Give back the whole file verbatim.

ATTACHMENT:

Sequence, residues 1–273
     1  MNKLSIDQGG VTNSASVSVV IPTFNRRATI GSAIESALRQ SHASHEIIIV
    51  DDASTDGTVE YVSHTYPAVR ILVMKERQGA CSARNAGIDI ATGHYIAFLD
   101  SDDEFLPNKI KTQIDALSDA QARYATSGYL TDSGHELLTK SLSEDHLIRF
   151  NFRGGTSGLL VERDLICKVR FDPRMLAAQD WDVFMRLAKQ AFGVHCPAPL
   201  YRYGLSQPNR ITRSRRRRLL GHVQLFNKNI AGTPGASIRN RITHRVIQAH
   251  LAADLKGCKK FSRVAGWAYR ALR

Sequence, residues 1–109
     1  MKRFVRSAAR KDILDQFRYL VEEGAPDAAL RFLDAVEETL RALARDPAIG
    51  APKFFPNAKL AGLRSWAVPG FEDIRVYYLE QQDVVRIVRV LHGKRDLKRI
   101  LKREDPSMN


Sequence, residues 1–273
     1  MNKLSIDQGG VTNSASVSVV IPTFNRRATI GSAIESALRQ SHASHEIIIV
    51  DDASTDGTVE YVSHTYPAVR ILVMKERQGA CSARNAGIDI ATGHYIAFLD
   101  SDDEFLPNKI KTQIDALSDA QARYATSGYL TDSGHELLTK SLSEDHLIRF
   151  NFRGGTSGLL VERDLICKVR FDPRMLAAQD WDVFMRLAKQ AFGVHCPAPL
   201  YRYGLSQPNR ITRSRRRRLL GHVQLFNKNI AGTPGASIRN RITHRVIQAH
   251  LAADLKGCKK FSRVAGWAYR ALR

Sequence, residues 1–109
     1  MKRFVRSAAR KDILDQFRYL VEEGAPDAAL RFLDAVEETL RALARDPAIG
    51  APKFFPNAKL AGLRSWAVPG FEDIRVYYLE QQDVVRIVRV LHGKRDLKRI
   101  LKREDPSMN